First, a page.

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Charles Richardson « North Carolina's WWII ExperienceNorth Carolina's WWII Experience

Charles Richardson

Hometown: Winston-Salem, NC
Branch of Service: Navy, USS Buck 420
Location of Service: Europe

The following excerpt describes the sinking of the USS Buck, Destroyer 420 struck by a German torpedo off of Salerno:

Bong! Bong! Bong! “General Quarters – General Quarters- All Hands man your battle stations – All hands man your battle stations.”

I hurriedly put on my life jacket (the inflatable double ring type) and glanced at the clock in the galley and realized it was 23:50 or ten minutes before midnight. I came up the ladder (stairs) from the galley and met utter confusion, everyone running about the top deck in the darkness of the Mediterranean sky.

As I had been trained to do so many times in practice, I headed for the ammunition storage space three decks below the top deck. My job was to keep ammunition to one of the four five-inch guns on the USS Buck, a 1,700 ton destroyer of the Atlantic fleet.

Once in the position, the public address system came on and the Skipper (Captain) said “Men we contacted the enemy by sonar and we will make a depth charge run on same. All guns be prepared for surface battle in event the sub surfaces after run with depth charges. Good luck men and my God bless us. That is all.”

The adrenalin surges in your system and if it were not for the noise of the conveyor running to take the ammo to the number 3 guns, you could hear your heart beating loudly I am sure. There is no doubt you can actually feel it beating.

A prize fighter trains and longs to use his training in competition to see just how well he has trained and how good he is. The men of the USS Buck had trained, trained, and trained practicing for just this type of warfare and I dare say with all the excitement, the fight of actual combat etc, all the men were eager to see just how good we were.

As full speed was rung to the engine room you could feel the fast turning of the screws vibrating through the thin deck plate under your feet. This far down in the ship the shaft for the screws was just under the thing plate you are standing on thus making vibrations feel more severe than they actually were.

Just before maximum speed is reached by the “Mighty Buck” there is a deafening blast, the ship comes to an instant stop throwing men, and ammunition all over the deck and down three ladders in the bottom of the Buck.

There are several small blasts and the stern section lists forward as men are scrambling to their feet fighting to stay upright and all heading for the ladder that will take them to the second deck and then to the main deck on topside and to what all hoped would be safety. There is no light, only complete darkness for a couple seconds and then battery-powered lights on the stannous (posts) came on so the ladders could be seen. Everyone heads for the ladder and it is believed that everyone gets to the second deck in safety as the stern lurches more forward.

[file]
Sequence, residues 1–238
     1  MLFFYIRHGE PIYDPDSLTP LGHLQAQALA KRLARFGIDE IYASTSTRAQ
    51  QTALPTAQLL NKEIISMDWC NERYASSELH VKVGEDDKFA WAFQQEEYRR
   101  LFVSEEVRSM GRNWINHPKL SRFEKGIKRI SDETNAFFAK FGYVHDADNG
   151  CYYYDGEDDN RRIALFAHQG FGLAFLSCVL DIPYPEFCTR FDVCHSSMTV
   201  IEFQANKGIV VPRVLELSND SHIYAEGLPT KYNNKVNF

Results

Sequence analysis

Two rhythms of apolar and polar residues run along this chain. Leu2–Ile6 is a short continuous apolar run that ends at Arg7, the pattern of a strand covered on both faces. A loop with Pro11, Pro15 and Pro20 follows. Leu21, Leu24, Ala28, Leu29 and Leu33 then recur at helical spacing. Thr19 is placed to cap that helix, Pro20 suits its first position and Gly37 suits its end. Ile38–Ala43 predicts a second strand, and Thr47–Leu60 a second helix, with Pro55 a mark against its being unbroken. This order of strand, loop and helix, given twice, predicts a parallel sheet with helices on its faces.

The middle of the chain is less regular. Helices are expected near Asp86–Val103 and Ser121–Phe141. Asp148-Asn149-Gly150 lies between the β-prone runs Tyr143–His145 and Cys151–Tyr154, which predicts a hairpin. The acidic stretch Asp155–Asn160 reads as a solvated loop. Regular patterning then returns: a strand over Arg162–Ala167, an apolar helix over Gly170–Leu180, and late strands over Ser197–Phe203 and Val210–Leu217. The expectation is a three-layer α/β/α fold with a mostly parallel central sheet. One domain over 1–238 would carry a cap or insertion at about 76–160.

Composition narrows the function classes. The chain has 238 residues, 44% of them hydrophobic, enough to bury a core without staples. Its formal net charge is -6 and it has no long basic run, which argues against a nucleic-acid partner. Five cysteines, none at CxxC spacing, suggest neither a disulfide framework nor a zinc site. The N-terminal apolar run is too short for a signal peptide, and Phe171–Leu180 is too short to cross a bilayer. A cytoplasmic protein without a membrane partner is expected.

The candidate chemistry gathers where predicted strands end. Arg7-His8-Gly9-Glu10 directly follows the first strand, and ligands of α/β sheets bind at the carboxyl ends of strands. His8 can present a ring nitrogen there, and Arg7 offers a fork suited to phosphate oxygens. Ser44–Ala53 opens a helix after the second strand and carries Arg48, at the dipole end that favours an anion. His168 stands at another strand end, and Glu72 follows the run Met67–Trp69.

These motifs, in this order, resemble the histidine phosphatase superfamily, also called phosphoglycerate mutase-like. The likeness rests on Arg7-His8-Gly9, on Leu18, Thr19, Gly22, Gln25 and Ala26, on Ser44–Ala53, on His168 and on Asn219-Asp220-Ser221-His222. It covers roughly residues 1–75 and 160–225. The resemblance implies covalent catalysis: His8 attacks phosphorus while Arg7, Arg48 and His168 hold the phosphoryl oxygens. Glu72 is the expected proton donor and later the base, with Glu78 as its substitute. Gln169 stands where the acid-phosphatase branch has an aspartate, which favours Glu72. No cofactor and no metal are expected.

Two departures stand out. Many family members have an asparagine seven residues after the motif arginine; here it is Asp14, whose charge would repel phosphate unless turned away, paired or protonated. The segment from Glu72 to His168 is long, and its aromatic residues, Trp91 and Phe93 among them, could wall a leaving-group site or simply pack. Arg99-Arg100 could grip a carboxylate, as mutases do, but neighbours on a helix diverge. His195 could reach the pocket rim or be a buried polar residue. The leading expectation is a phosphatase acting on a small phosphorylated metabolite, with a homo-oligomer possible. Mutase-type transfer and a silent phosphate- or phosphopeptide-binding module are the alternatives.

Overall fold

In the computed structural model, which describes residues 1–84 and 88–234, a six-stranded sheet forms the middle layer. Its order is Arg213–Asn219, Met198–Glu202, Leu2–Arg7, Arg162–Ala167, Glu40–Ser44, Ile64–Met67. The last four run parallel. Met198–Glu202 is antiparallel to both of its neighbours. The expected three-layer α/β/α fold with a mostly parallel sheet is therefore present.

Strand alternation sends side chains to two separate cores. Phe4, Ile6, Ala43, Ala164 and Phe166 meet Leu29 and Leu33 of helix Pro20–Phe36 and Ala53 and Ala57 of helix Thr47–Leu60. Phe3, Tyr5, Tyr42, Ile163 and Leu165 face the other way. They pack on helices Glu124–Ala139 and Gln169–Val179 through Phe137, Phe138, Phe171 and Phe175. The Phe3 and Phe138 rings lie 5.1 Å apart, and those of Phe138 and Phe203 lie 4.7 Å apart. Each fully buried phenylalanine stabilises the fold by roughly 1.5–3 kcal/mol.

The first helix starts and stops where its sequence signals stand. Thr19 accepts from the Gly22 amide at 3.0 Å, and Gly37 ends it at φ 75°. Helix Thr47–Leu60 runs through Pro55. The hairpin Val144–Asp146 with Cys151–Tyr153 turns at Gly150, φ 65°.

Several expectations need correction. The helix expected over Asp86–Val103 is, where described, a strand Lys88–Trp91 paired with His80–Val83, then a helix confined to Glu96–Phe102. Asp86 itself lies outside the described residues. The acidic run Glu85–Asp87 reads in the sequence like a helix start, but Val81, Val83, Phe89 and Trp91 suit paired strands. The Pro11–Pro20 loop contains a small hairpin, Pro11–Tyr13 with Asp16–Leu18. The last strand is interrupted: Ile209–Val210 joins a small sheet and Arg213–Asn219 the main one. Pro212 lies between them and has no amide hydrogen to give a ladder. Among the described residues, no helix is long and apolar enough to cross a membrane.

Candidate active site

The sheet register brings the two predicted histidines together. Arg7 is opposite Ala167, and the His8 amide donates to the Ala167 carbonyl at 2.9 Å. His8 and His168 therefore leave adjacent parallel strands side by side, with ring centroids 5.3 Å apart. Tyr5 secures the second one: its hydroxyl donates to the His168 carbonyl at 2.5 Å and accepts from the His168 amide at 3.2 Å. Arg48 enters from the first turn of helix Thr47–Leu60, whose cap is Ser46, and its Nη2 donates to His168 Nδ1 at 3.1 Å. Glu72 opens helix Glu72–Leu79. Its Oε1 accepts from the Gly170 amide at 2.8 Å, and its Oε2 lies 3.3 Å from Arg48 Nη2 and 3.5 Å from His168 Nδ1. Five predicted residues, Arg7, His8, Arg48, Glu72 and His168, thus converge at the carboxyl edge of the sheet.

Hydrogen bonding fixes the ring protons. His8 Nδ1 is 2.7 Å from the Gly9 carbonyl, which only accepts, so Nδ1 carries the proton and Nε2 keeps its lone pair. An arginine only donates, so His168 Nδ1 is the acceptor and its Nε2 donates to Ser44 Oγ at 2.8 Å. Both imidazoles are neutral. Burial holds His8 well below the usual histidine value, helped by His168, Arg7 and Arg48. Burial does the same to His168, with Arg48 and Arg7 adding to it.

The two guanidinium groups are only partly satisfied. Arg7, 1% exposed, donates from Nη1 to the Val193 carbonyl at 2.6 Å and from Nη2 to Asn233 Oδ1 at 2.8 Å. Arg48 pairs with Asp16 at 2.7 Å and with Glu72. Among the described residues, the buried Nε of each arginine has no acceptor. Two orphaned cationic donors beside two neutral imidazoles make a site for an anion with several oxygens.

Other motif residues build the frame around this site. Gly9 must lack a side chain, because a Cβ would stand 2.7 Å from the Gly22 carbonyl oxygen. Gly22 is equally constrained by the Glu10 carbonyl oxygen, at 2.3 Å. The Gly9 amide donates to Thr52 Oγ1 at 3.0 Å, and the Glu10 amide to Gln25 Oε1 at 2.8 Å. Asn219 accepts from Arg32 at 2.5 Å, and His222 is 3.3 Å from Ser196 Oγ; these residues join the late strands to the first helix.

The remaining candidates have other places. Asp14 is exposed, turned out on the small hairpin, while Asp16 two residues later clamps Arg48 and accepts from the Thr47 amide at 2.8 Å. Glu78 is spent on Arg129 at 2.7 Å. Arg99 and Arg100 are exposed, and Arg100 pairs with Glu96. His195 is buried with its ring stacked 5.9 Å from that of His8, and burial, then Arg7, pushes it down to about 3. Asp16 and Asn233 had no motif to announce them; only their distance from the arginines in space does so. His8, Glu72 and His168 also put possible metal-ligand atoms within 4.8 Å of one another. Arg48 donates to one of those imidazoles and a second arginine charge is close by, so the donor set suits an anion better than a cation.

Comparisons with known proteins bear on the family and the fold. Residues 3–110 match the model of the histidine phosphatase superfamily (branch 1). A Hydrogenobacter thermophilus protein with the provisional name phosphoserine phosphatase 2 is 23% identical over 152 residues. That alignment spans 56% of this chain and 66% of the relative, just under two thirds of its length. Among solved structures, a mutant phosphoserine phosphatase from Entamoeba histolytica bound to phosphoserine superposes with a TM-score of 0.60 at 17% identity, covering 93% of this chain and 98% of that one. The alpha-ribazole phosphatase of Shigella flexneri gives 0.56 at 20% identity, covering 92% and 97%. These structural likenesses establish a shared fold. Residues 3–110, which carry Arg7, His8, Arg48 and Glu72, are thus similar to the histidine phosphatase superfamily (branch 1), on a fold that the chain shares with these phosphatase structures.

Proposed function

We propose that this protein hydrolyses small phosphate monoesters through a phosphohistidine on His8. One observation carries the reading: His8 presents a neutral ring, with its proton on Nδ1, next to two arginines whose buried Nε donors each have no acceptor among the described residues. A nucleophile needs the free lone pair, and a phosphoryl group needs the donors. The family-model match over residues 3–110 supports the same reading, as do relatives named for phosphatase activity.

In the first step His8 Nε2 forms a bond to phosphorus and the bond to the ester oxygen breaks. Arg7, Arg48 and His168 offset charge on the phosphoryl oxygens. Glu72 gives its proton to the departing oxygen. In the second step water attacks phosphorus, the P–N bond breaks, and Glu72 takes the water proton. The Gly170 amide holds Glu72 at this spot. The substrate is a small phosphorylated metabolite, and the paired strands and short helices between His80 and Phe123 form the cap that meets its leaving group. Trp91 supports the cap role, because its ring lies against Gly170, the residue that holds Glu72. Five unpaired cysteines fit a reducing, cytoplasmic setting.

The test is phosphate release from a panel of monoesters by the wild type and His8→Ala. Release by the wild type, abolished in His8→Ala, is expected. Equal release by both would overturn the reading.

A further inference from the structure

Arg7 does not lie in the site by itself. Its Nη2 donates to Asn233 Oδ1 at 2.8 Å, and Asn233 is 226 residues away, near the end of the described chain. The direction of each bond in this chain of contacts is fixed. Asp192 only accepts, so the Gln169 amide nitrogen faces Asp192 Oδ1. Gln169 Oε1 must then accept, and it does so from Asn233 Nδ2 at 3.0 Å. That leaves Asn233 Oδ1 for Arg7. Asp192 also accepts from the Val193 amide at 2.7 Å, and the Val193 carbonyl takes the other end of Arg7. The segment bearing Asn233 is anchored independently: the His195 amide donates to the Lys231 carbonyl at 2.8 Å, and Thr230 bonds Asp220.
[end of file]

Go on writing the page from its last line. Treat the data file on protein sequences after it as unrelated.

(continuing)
I reached for the wheel that will turn and allow me to open the hatch to topside. At first it didn’t turn. Maybe in the excitement I turned it the wrong way. I tried again and felt the wheel turn and a small crack come in the round hatch. As it cracked open I was met by sea water, as it swung open, it was the through the entire Mediterranean Sea poured down in my face. It was all I could do to hold onto the ladder, “Dear God, is this is?” As a prayer for help leaves my mind, I am aware of an extreme weight pulling on my leg and I hear screams of horror as men are washed down into the hull of the Buck from where they had just left being unable to hold onto the ladder.

Again a prayer for God’s help is sent through my thoughts, “Please God, please.” The weight grows heavier on my right leg and I am sure I can’t hold on much longer. With God’s help and all the strength I could muster I gave a tremendous kick and felt the weight leave my leg on down to my ankle and then completely leave me. No time to think of this now, but there would be time for thought. Oh yes, many hours for thoughts of this night.

I pulled myself to the main deck and what these eyes beheld was scary beyond your wildest imagination! Holding on the gun mount ladder that is used for entering # 3 gun mount, I looked forward to what had been my home for six months and there was the Mediterranean Sea, nothing else. The whole ship was gone with the exception of the fantail on which I was standing. Once 1,700 ton, now with gun mount ammunition and all, where I was standing only weighed three to five tons at the most.

A surge forward of the remains of the Buck brought me to my senses and I realized that this part was sinking. As far as I know, no one else came out of that hatch but me. This meant I had left six to ten of my buddies in that hull or fantail section that we were so eager to man to show the world how good we could fight.

Reaching to front of my life belt with my left hand and squeezing the belt, I felt a little more secure as air filled the two rubber and canvas tubes that surround the 30-ionch waist. All around me men were jumping into the oil-slick water. Along with them I pulled myself to the end of the tantail and jumped into the blue oil-slick Mediterranean knowing had I stayed where I was standing I would have been underwater now or drawn under by the suction created by the fantail as it filled with water.

I swam as hard as I could away from the ship and then turned on my back just in time to see the propellers turn skyward and the last of the “Mighty Buck” slide gracefully into her grave.

As soon as the constant suction subsided and I felt no more pulling by the water I had time for a little thought. I thought of the skipper’s last message on the public address system and as soon as I did, I recalled back remembering the Abandon Ship Training we had in Philadelphia. In the event there was not time for depth charges to be placed inactive, they would explode when the ship sank to 300 feet. There was a muffled, terrific boom and my head was first under the water and then on top as I was thrown about by the concussion and turbulence of the surrounding water.

The full impact hit me in my back and rectum seeming to split me in two. There was terrific pain that gradually subsided as the waters calmed and the deathly silence moved in over the stilled waters. Then I realized I was lower in the water than I had been. Feeling at my life belt, I realized that one section had busted and I would have to rely on just one section to hold me up.

My thoughts now were to get with some of the other survivors as we would have a better chance to survive together rather than alone. Just as I was getting ready to speak, I heard a faint “Hey there” on my starboard side. I swam toward the sound and we joined hands. Looking into each other’s face we could not tell whether we were white or black. This didn’t make any difference; it was another living body to talk to and respond to questions. As we began to talk we heard another person way off asking for help and we swam toward the sound. From the sound of his voice, we could tell this man was in pain. Soon we were at his side and he was black from oil with a deep laceration on left side of the head and bleeding badly.